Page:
Defense scrutinizes woman's account of fatal shooting
Aug. 7, 2013 at 3:07 a.m.
Defense attorneys continued to scrutinize a woman's account of a 2012 fatal shooting Wednesday morning.
Allaceia Stephney's testimony took most of the second day of the capital murder trial of Donnell Deshaun Dilworth Jr., 23, and Dedrick Roy Bonner, 19.
The men are charged with shooting Stephney's fiance, Jerry Paul James, 37, in the head and Stephney in the lower left leg April 24, 2012, at the Regency Studio Apartments complex in Victoria.
Prosecutors believe they did so because they thought James snitched on them about a robbery they committed at the same complex previously.
Lee Lewis, who represents Dilworth, pointed out that snitch was a label often assigned to James.
Both he and Jerry Clark, who represents Bonner, also asked repeatedly why Stephney's phone was found beside a knife in a grassy area where the shooting occurred.
Bonner shot James but only after James lunged at him with two kitchen knives, Clark said.
Stephney, 26, said her phone flew from her hand during the attack. She maintained throughout the day that she never saw James with a knife nor did she wield a weapon, despite Clark pointing out in a crime scene photo a stick he thought resembled a two-by-four board she was known to use in other fights.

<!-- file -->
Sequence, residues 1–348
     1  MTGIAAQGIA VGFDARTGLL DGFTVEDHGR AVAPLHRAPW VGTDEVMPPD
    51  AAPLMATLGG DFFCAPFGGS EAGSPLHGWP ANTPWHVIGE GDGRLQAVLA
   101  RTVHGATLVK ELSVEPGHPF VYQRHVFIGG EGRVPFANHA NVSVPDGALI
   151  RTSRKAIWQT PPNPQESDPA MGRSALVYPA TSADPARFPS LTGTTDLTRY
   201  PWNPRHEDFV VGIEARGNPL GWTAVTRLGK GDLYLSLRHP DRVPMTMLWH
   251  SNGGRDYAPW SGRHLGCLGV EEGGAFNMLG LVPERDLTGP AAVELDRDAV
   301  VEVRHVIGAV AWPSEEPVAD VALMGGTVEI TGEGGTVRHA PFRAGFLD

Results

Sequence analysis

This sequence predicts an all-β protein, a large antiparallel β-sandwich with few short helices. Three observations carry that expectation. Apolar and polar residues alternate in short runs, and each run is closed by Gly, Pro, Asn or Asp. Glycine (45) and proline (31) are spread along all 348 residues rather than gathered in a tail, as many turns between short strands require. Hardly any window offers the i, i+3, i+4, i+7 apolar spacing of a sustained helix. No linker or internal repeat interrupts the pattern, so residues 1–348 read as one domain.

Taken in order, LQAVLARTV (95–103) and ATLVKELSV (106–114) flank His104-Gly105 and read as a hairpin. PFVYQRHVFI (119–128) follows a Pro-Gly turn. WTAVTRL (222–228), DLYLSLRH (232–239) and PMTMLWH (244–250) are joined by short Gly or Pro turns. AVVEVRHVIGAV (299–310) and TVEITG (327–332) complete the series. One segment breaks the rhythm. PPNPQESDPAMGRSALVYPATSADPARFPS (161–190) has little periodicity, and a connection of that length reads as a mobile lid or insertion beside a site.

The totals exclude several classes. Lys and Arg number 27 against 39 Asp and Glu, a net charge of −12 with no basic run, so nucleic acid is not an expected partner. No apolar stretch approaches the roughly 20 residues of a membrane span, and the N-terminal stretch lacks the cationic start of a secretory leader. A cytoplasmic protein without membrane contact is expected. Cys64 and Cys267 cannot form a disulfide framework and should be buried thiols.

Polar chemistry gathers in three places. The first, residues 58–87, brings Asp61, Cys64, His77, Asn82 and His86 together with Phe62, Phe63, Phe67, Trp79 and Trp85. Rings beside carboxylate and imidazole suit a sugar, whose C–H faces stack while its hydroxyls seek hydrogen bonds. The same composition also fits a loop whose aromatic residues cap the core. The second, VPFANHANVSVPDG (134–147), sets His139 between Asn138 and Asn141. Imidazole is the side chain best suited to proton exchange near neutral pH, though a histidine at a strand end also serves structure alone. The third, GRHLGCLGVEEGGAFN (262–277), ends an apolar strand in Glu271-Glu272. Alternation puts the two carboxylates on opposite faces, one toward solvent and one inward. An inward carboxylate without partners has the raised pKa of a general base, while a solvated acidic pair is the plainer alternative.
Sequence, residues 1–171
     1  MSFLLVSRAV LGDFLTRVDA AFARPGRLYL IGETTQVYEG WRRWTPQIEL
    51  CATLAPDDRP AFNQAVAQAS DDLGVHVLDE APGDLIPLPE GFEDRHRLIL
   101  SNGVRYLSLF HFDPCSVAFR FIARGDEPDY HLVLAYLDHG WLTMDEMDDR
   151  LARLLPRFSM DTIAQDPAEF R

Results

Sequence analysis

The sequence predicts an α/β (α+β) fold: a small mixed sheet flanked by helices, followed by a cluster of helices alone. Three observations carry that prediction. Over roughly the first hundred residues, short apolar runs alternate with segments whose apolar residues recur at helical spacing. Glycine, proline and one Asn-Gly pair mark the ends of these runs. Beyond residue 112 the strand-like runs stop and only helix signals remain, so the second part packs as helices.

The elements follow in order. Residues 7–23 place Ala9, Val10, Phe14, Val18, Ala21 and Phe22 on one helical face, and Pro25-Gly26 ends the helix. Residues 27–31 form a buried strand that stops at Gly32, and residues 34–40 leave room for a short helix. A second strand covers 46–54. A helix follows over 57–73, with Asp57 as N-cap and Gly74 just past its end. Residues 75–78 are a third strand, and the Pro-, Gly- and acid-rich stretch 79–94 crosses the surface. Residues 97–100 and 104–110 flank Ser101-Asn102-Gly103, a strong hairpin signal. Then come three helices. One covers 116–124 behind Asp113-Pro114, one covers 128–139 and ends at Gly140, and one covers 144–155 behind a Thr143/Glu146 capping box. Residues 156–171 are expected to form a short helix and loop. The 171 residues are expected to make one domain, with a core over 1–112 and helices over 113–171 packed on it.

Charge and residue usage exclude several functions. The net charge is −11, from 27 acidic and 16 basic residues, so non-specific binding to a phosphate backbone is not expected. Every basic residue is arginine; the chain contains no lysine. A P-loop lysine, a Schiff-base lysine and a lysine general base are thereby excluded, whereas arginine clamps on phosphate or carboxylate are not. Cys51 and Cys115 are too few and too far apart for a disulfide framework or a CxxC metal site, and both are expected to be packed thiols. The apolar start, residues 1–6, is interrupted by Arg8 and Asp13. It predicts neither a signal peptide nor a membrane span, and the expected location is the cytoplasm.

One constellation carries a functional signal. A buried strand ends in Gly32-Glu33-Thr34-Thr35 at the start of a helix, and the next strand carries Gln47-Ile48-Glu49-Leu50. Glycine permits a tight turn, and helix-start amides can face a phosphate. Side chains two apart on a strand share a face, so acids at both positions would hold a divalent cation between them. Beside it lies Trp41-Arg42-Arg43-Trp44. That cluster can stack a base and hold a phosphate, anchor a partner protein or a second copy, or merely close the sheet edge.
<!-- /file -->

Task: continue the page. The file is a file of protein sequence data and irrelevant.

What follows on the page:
Lewis also asked her whether she even wanted to be in court.
"I don't want to look at them anymore," Stephney said of the defendants. "I'm in fear. I'm angry. I'm a lot of things."
Guilt was one of those emotions, she said.
"I feel guilty for letting my (fiance) around these people. I should have moved from that neighborhood," she said.
Her statements supported the state's earlier assertions that residents of Regency feared the defendants and the repercussion of snitching.
The state also called a neighbor, Shannon Harris; Dilworth's ex-girlfriend, Georgina Morales; and Travis County Deputy Chief Medical Examiner Satish Chundru.
Chundru determined during the autopsy that James had low levels of cocaine, an average level of Valium and another drug in his system.
He admitted upon questioning from Lewis that cocaine continues to break down even after death. That means his levels of cocaine could have been higher at the time of the shooting.
Dilworth and Bonner also face an aggravated assault charge for the shooting of Stephney, which in this case is a first-degree felony.
The state is not seeking the death penalty in the capital murder charge.
The trial will resume at 9 a.m. Thursday before Judge Robert C. Cheshire. Prosecutors are scheduled to continue questioning Morales, who drove a white car in which the defendants arrived at the complex.